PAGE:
Java: taking out the garbage

Some time ago I published a new chapter for my book on performance testing in a blog post. You can find the first edition here at Amazon. This is a copy of that blog post. One day I may actually publish a next edition of my book…

If you know more of this subject than I do, let me know if I made mistakes. If you don’t, let me know if this helps you understand the way Java handles memory.


Some of Java’s features make performance testing and especially performance monitoring and analysis different. If you only look at the usual monitoring items you can easily be deceived. This is mainly caused by the way Java handles memory. Java has a very interesting model for handling memory which makes programming in Java easier and helps against memory leaks. It does however come with some caveats which you need to be aware of.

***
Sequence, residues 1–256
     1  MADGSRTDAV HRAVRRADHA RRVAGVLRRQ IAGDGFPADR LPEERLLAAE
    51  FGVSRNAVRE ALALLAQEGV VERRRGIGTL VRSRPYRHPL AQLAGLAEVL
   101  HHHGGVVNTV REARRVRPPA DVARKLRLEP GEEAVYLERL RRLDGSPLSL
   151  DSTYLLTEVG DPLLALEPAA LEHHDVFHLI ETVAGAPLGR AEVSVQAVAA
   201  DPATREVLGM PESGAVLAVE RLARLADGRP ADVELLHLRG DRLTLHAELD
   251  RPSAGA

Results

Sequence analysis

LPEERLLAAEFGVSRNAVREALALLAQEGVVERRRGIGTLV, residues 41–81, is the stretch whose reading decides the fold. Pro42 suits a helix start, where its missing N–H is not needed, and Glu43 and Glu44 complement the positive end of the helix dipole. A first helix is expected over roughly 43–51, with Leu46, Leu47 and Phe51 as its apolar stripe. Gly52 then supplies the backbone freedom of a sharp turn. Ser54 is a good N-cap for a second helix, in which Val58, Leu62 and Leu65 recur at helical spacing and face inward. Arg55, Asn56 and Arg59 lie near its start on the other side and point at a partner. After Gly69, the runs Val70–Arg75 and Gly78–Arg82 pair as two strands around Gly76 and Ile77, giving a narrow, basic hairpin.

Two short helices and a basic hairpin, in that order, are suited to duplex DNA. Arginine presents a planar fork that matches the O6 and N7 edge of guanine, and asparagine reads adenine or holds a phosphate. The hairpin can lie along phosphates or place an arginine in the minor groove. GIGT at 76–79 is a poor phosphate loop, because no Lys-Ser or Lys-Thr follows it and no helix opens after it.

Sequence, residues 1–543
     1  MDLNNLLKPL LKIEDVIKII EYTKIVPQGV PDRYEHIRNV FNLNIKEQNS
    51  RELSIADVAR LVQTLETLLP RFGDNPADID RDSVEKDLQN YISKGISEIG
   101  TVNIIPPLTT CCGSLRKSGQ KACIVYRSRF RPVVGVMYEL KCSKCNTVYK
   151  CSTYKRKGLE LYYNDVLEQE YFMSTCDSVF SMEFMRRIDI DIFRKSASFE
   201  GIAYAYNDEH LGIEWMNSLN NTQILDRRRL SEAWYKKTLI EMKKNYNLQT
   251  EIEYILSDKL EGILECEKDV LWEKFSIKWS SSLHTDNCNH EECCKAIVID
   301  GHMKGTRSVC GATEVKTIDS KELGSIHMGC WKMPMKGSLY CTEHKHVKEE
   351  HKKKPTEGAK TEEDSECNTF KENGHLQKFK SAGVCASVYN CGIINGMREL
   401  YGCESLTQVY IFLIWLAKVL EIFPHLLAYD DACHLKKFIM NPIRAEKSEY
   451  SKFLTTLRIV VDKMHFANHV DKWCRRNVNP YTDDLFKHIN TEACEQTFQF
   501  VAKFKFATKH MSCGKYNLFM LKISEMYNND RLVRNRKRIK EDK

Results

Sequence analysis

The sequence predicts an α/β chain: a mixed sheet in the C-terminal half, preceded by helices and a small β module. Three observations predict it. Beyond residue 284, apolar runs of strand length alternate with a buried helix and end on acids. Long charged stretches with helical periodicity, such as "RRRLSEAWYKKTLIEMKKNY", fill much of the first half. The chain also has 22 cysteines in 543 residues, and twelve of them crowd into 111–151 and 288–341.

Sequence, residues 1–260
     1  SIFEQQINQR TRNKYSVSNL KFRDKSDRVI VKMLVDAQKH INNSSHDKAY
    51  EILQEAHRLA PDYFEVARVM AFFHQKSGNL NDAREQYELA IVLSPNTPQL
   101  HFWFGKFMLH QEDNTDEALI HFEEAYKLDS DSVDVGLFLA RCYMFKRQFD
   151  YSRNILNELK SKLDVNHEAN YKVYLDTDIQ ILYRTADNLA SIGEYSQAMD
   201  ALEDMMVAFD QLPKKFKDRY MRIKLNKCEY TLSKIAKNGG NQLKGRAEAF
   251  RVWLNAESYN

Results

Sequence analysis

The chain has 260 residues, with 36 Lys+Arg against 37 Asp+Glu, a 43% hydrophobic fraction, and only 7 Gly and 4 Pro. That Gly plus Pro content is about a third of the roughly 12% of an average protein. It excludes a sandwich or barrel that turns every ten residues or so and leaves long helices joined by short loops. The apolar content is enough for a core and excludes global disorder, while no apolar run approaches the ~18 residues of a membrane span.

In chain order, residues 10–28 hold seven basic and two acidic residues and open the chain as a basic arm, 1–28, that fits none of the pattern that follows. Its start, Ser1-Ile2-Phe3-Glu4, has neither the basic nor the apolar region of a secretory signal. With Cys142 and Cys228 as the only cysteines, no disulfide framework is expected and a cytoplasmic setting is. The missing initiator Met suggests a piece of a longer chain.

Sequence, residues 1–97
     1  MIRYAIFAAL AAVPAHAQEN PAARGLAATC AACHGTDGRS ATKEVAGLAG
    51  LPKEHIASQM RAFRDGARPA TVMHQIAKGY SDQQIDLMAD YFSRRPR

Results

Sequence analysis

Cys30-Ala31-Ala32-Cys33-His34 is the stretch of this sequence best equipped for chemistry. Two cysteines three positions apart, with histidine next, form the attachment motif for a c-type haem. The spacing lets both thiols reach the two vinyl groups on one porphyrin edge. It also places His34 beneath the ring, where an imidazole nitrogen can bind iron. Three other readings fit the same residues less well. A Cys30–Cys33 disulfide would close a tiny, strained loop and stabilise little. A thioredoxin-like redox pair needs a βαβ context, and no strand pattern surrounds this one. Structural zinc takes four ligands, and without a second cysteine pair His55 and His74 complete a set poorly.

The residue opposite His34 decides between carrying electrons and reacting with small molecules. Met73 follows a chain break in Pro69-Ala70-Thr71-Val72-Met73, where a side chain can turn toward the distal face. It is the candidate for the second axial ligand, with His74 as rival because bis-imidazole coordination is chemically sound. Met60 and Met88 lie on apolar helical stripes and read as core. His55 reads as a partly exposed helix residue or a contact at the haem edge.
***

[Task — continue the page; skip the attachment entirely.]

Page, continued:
Java’s way of handling memory

When you program software in a programming language you end up dealing with memory. You will put items or objects in memory. An object which has been placed in memory at one point has to leave that memory. Essentially when no piece of running code is referencing that memory it has to go.

In languages such C and C++, and most of its brethren, that means that the programmer  needs to ensure that the memory is cleared in the program. If no mistakes are made this works well and efficient since an object is immediately released when it is no longer referenced. It does however make programming more complex and all too often mistakes are made resulting in the dreaded memory leak.